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Wrightsville foundry owner petitioned Congress for war damages

This photo from 1938 shows the town of Wrightsville, Pennsylvania, along the western bank of the broad Susquehanna River. During the Civil War 75 years earlier, Union militia defended the town and its vital bridge against Confederate forces before retiring into Lancaster County and burning the covered bridge. (Click on the photo to enlarge it for easier viewing.)
Embers from the flaming bridge blew into Wrightsville and ignited several buildings along the riverbank, including lumberyards, houses, warehouses, shops, and a large iron foundry. Southern soldiers formed a bucket brigade to relay water to threatened areas, and their determined efforts saved most of Wrightsville.
However the iron foundry, just northwest of the bridge, was a charred ruin, as were most of the riverfront businesses.
Foundry owner Edmund Wolf after the war petitioned for compensation from the U.S. government for his losses, citing that the militia burned the bridge under the orders of Federal military authorities. Wolf, a native of New Holland in York County who lived in Baltimore, was a Maryland state legislator during much of the Civil War. In the spring of 1861, he had been a delegate to the Maryland Union Convention and strove to keep the state loyal to the Federal government. His stove foundry provided employment for several Wrightsvillians.
Here is an entry from the United States Congressional Serial Set, Issue 3043, which delineates Wolf’s claim and the ensuing legal arguments for and against paying such claims.

House Report No. 1594, Fifty-first Congress, first session.
Mr. [Levi] Maish, from the Committee on War Claims, submitted the following
|To accompany H. R. 7966.]
The Committee on War Claims, to which was referred bill (EL B. 7906) for the relief of the heirs of Edmund Wolf, submits the following report.
The claim is for the sum of $33,000 for stock, fixtures, tools, patterns, flasks, etc., in the Wrightsville Foundry, in York County, Pa., the property of Edmund Wolf, which was destroyed under the following circumstances:
Wrightsville is on the west side of the Susquehannah River and Columbia on the east side; said two towns were at the time the above property was destroyed connected by a wagon bridge across said river.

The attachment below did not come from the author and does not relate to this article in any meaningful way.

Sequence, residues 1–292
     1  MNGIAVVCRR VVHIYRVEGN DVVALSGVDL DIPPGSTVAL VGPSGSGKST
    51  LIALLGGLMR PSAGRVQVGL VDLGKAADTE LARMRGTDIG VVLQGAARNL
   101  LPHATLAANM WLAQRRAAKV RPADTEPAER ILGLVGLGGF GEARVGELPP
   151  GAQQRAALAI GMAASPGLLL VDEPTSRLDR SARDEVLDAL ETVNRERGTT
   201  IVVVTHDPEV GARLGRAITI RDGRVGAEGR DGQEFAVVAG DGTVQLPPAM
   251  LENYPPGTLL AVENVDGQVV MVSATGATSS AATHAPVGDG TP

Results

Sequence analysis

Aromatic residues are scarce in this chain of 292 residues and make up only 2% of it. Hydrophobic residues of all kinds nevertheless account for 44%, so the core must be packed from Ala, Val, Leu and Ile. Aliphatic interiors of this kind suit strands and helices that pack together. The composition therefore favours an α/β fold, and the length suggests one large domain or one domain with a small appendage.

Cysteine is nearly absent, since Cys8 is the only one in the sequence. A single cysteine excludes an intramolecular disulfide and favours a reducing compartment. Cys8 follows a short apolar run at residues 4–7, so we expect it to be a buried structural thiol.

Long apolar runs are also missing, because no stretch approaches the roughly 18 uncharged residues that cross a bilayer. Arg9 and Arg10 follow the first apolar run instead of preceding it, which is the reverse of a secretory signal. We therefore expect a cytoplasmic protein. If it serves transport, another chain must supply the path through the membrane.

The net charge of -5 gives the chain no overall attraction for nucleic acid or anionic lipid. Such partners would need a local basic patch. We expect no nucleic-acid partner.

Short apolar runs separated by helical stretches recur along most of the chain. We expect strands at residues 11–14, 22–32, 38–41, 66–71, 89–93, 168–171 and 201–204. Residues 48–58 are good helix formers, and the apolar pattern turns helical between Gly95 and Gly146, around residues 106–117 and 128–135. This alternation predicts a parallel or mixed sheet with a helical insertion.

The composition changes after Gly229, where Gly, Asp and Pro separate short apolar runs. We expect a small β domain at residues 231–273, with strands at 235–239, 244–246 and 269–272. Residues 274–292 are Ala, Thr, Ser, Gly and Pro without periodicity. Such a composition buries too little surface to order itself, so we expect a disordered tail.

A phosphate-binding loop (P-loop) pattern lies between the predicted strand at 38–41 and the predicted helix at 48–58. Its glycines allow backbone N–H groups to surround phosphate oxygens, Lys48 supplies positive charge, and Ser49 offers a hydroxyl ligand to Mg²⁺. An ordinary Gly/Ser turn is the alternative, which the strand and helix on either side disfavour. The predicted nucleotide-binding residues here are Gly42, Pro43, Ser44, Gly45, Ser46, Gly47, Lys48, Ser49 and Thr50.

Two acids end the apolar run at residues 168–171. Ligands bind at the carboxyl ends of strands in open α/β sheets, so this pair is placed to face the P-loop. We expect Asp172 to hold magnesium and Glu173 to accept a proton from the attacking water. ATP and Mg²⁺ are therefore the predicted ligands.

On the 28th day of June, A. D. 1863, Major General [Darius N.] Couch, commanding the Department of the Susquehannah, learning that a portion of the Confederate forces was approaching said town of Wrightsville with the intention of crossing the river at that place, in order to join a larger force which two days later engaged our Army on the field of Gettysburg, ordered said bridge to be burned in order to prevent its being used by the Confederate forces. The order was obeyed and the bridge was burned; but in its burning, fire was communicated to some buildings adjoining the western end of said bridge and by these communicated to Mr. Wolf’s foundry, which was totally consumed. For this property so destroyed the claimants ask relief to the extent of the sum of $33,000.
The entire loyalty of Mr. Wolf is beyond doubt.
The question presented by these facts is one which was for some time mooted in this country, as it involves the liability of the sovereign to compensate a subject for property taken for precautionary purposes in time of war. The authorities upon this point were very fully and carefully collated by the late Senator Howe, of Wisconsin, in a report made to the Forty-second Congress upon the claim of J. Milton Best, after the same had been vetoed by the President. In the course of that report he says:
Among the text writers, Vattel discusses the very question, “Is the State bound to indemnify individuals for the damage they have sustained in war?” “Such damages,” he says, “are of two kinds; those done by the State itself, or the sovereign, and those done by the enemy. Of the first kind some are done deliberately and by way of precaution, as when a field, a house, a garden, belonging to a private person, is taken for the purpose of erecting on the spot a town rampart, or any other piece of fortification, or when his standing corn or his store-houses are destroyed to prevent their being of use to the enemy. Such damages are to be made good to the individual who should bear only the quota of the loss…”
The House debate continued for some time, with proponents of reparations claiming “The state has an eminent right of property over the goods of the subjects, so that the state or those that represent it may make use of them, and even destroy and alienate them, not only in extreme necessity, but for the public benefit, to which we must add that the state is obliged to repair the damages suffered by any subject on that account out of the public stock.”
The committee studying the matter came to consensus and agreed.
Here is the closing paragraph from their report:
“Mr. Wolf’s foundry was destroyed as the natural result of the burning of the bridge ordered by General Couch, not in any manner as the result of an accident. It was the consequence of the act of an officer of the Government acting in good faith and for what he believed to be the interest of the Government, and under such circumstances in view of the authorities cited the claim is just and proper. The committee, therefore, recommend that the bill do pass.”
I have not found any confirmation, however, that Mr. Wolf ever received a government check for his $33,000 claim.